By Shirley N Lew
AsAmnNews New York Correspondent
The Asian American International Film Festival (AAIFF) kicks off its 38th year tonight. A huge genre of films will be shown in Manhattan and Queens at several venues. Tickets are still available.
A new and exciting addition to the line up is Everything Before Us. It is Wong Fu Productions first feature film and will be shown at the closing ceremony on August 1. Their highly popular video series shot them up to stardom with the support of the Asian American community because of its humor and unique approach to the exploration of being Asian American.
Ruby Yang’s My Voice, My Life will be featured in the AAIFF’s opening ceremony tonight in New York. Yang, a Hong Kong film maker received many accolades for her documentary that follows the lives of underprivileged middle and high school students trying to produce a musical. The film focuses on the students coming together as they overcome their plight as academically and socially challenged kids.
I asked John Woo, the executive director of Asian Cinevision how did AAIFF decide to choose Yang’s film?
“When we first read the description of the movie and what was going on in Hong Kong (Yellow Umbrella Movement), we felt this movie was an issue that touched back to our roots and that it paid attention to the youth movement that is going on in Hong Kong today,” he explained.
During yesterday’s AAIFF press conference at the Hong Kong Economic and Trade Office in New York, I asked Yang, “Did you come across any obstacles or opposition on making My Voice, My Life?”
“I was worried that the students would not tell me the truth because they may not want to talk to an adult. An obstacle we had was a vision-impaired student, whose mother was concerned about letting everyone know that he recently lost his vision, but didn’t tell friends and relatives of his situation yet.”
Yang also said that the school and principal was very supportive of the film, but were concerned at first about the how the portrayal of the students might affect their college admissions.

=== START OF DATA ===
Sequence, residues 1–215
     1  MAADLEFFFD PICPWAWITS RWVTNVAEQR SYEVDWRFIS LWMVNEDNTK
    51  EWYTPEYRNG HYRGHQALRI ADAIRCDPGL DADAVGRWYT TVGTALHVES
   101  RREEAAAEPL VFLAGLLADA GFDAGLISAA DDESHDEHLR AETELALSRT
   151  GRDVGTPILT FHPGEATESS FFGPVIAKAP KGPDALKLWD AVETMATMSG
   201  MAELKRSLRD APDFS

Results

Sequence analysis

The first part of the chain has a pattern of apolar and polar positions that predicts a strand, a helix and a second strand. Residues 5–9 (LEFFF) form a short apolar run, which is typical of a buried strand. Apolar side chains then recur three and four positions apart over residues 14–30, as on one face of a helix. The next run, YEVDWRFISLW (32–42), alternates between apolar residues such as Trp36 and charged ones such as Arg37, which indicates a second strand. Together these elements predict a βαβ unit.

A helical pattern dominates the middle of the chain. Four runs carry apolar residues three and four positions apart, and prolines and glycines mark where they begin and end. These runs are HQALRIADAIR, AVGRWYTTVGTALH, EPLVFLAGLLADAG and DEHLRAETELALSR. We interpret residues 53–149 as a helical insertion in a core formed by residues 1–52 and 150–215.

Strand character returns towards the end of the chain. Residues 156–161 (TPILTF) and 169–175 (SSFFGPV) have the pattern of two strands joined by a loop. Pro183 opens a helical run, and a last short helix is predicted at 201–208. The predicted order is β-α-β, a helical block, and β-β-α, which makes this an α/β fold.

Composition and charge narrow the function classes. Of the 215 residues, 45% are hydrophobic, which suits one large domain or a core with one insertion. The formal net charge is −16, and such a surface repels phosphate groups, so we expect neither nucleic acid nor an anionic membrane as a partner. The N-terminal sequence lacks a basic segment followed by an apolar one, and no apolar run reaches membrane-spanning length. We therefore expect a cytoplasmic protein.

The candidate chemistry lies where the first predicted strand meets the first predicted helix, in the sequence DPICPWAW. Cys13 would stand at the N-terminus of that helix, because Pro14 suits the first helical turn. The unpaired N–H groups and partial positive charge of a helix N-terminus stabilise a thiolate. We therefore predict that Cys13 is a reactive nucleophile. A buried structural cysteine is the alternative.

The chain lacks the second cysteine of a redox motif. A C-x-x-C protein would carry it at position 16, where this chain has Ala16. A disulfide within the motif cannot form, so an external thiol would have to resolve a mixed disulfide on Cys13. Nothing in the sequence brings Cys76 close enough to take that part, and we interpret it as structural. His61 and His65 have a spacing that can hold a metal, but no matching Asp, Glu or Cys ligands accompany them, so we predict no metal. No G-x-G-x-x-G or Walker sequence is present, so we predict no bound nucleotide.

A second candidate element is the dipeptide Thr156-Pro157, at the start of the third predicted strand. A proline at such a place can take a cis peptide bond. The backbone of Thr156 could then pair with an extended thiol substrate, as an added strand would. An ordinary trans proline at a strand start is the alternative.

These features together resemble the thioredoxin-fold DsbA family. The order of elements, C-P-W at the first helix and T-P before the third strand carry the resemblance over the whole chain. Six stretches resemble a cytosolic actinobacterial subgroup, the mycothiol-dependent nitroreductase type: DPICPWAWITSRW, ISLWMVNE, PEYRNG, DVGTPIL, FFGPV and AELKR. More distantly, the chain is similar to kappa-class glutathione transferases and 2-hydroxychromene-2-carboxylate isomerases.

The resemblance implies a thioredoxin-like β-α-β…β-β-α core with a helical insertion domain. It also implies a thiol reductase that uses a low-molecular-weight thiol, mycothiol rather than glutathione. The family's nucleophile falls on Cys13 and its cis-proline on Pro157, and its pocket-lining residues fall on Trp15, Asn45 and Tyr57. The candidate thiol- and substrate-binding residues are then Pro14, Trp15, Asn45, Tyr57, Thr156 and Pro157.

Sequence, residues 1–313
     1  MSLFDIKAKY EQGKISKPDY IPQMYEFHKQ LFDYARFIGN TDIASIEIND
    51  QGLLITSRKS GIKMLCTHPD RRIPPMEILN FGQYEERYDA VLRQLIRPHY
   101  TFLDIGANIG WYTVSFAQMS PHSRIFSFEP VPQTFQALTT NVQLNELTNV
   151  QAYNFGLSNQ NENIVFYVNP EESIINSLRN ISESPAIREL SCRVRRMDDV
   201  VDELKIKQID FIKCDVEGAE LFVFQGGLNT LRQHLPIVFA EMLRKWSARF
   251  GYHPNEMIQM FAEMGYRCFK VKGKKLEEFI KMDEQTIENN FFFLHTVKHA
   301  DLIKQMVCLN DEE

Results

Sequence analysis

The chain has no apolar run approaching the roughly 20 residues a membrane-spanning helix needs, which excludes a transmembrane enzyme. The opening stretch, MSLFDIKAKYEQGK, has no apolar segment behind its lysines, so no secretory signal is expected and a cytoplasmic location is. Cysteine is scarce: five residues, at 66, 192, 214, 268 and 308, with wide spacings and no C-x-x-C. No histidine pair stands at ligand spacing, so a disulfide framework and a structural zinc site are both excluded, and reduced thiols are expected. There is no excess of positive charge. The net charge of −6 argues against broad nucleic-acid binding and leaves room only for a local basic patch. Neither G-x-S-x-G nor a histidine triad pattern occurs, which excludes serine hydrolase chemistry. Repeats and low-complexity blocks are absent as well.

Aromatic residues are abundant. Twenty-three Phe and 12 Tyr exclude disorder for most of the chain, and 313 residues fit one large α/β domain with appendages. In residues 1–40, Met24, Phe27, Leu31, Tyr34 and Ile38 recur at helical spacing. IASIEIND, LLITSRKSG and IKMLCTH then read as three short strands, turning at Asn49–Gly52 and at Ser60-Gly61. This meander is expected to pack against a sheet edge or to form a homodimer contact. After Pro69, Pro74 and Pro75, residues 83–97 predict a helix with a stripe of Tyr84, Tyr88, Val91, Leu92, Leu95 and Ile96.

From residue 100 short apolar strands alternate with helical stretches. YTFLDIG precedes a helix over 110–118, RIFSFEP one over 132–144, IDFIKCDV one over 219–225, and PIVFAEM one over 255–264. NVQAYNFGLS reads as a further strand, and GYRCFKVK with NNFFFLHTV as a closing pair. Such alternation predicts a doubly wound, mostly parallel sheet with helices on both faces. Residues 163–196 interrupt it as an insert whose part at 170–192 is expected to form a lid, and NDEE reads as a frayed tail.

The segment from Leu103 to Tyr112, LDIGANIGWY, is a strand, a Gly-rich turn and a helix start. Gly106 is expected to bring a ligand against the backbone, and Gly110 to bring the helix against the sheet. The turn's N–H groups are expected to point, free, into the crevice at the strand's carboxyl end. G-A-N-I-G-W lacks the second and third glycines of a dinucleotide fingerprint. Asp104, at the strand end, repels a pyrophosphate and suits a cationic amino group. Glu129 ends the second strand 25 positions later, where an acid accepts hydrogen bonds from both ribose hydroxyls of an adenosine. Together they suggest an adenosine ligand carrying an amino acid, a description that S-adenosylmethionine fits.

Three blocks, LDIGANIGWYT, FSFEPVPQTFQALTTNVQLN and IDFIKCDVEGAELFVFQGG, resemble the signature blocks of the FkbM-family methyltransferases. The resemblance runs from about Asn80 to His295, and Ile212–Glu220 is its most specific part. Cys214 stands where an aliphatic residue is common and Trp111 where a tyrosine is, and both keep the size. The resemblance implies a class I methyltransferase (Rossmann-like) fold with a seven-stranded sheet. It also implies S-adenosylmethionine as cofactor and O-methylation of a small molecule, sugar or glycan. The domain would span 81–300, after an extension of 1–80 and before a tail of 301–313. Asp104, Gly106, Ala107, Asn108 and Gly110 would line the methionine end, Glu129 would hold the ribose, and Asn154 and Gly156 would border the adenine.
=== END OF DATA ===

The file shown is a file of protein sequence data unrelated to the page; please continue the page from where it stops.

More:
When the students screened the film after it was completed, they were amazed and touched by the other student’s life stories in the film.
“They were all crying for about half an hour. The parents didn’t think the musical would influence their lives and that they would just forget about it afterwards. Two students that worked on production, behind the scenes went on to film school and half of them went to college, “said Yang. Prior to the film, a majority of the students wanted to work after high school and had no college aspirations.
Were there some things you learned from the students? I asked her.
“They are tough and they taught me slang,” laughed Yang. “They are aware of a lot of things and their parents underestimate them.”
Lao Wong, part of the festival’s short film roundup, is a directed by Ming Zeng (Jenny). Lao Wong is about a man who was once a professional opera singer back in his homeland of China, but is now struggling to put together an opera in New York to recapture the success he once had.
”I am a fan of the NY Chinese Opera Society. I was fascinated that the actors are actually ordinary people. They are grocery workers, nail salon and dry cleaner owners. It’s a strong contrast of their real life and their life on stage,” said Jenny.
Lao Wong, is just one of many other shorts and 50 films that will be shown during the festival.
To enhance community engagement, Woo said the festival will also present programs in Flushing, Queens Town Hall that includes free screenings of select films and films that have Queens as a backdrop.
View the AAIFF’s schedule and to purchase tickets to the films, tonight’s opening night gala and the closing ceremony on August 1.
The 38th Asian American International Film Festival (AAIFF), presented by Asian CineVision, is the nation’s first and longest running Asian American film festival. AAIFF 2015 honors the contributions Asian and Asian Americans make to film on a daily basis by showcasing new incoming talent, highlighting local filmmakers and paying tribute to the pioneers of the 21st century.
Ten days of Asian-inspired films set for Asian American International Film Festival